On Saturday the 21st, 6 people went back out to the unit and mopped up with the focus on red pines that had heat near their roots. On Sunday mop-up was continued to 100%.
This burn was a huge success. We had the perfect weather window for the re-entry of fire on the tombolo. We had a number of different agencies and tribes on site to pull it off. We had opportunities for APIS staff to experience the entire process from planning to implementation. And, most important to me, we've closed the suppression mentality gap, and utilized the traditional cultural practice of Native peoples to re-establish fire on this unique landscape.
Please also see the article, "Keeping the Fire Alive
" about the reintroduction of prescribed fire to Stockton Island.
Out of the Ashes:
Birds bring new life to a forest after fire sweeps through.
Read the full article about the response of birds to the 4,500 acre Palsburg Fire in the Beltrami Island State Forest in northwestern Minnesota.
DNR staff wondered what effect the fire and sudden change in habitat would have on birds. Gretchen Mehmel and Charles Tucker, the manager and assistant manager, respectively, of Red Lake Wildlife Management Area, devised a plan to find out. The study area was perfect due to its large size and accessibility, and the study would be the first in the state to look at avian responses to a fire during the year in which it occurred.
. I began surveying in early June in the lush forest outside the burn. How exhilarating it was to be out in the woods in early summer listening to the songs of warblers, vireos, flycatchers, and sparrows again!
After a few days of point-count surveys outside the burn area, I moved inside the fire's perimeter. I did not expect to document many species here, thinking that the burn area would be a vast wasteland of burnt pines and, in the cutover areas, charred and lifeless prairie. When I got out of the truck at the first designated point inside the burn, my senses were immediately overwhelmed. It was five weeks after the forest fire, and the area was teeming with life. The air had a fresh, earthy aroma tinged with the smoky odor of a lingering campfire. Trees and undergrowth charred coal black contrasted drastically with the bright green of new plant growth springing up from the forest floor.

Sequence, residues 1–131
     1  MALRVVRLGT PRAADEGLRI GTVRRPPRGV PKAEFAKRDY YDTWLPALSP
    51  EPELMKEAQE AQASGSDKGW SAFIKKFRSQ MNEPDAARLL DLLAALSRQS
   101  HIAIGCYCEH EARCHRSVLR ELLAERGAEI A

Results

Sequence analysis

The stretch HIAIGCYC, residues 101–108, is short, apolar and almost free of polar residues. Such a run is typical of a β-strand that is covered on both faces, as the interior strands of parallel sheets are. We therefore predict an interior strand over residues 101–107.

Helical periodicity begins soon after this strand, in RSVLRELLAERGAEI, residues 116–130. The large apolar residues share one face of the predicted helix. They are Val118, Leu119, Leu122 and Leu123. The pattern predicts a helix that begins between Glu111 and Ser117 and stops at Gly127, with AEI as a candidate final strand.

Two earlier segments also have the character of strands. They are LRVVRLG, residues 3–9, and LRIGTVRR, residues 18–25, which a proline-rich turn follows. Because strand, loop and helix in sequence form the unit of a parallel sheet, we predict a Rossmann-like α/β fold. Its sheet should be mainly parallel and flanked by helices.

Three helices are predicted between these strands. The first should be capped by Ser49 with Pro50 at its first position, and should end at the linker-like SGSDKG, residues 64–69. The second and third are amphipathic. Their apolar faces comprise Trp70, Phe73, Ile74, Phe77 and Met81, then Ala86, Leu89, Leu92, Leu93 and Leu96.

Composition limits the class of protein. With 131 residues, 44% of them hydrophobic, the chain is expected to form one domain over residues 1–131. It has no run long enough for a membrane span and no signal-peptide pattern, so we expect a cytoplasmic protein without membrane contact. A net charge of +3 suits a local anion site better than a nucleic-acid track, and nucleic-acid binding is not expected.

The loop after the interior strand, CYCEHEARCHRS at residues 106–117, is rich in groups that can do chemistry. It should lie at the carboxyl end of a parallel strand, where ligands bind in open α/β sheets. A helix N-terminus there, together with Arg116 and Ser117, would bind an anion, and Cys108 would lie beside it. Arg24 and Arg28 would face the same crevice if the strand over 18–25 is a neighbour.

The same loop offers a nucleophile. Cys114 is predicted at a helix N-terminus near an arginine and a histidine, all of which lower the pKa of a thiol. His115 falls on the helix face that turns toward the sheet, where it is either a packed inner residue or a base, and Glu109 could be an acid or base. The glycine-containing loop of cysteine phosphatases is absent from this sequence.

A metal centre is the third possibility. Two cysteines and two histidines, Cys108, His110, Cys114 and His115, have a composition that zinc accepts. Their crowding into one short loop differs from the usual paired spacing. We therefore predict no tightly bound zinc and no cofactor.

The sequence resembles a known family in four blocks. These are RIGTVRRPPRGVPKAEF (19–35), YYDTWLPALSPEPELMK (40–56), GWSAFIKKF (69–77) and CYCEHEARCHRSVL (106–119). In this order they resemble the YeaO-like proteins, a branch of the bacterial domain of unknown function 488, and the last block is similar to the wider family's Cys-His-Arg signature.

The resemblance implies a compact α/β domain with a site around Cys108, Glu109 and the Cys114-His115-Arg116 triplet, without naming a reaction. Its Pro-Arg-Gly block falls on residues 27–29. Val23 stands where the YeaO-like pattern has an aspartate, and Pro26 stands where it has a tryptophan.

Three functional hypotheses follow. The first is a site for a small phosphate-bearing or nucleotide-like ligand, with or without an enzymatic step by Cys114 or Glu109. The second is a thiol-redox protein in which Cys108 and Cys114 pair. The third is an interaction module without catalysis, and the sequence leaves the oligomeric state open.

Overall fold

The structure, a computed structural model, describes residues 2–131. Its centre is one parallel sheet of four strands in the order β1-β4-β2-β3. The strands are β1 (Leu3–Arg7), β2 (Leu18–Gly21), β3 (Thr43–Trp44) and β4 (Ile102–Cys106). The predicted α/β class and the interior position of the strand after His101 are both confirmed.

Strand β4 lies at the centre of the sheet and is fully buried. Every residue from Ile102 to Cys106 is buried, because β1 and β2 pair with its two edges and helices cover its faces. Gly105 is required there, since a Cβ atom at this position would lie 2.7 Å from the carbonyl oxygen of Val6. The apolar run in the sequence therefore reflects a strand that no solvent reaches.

A northern flicker, breast feathers wet from the morning dew, was foraging hungrily for ants. Soft gray mourning doves strutted through the rubble picking at seeds and insects, heads bobbing. American goldfinches hopped from low branches to the ground and back again, their lemon-yellow feathers glowing in the morning sunshine. Although loggers were working a mere quarter-mile away, territorial male birds seemed oblivious to the noise and were singing their hearts out, as if trying to outdo the loggers' whining saws and rumbling tractor engines. What surprised me most was that they were here at all in this altered landscape, so very different than their breeding grounds last summer.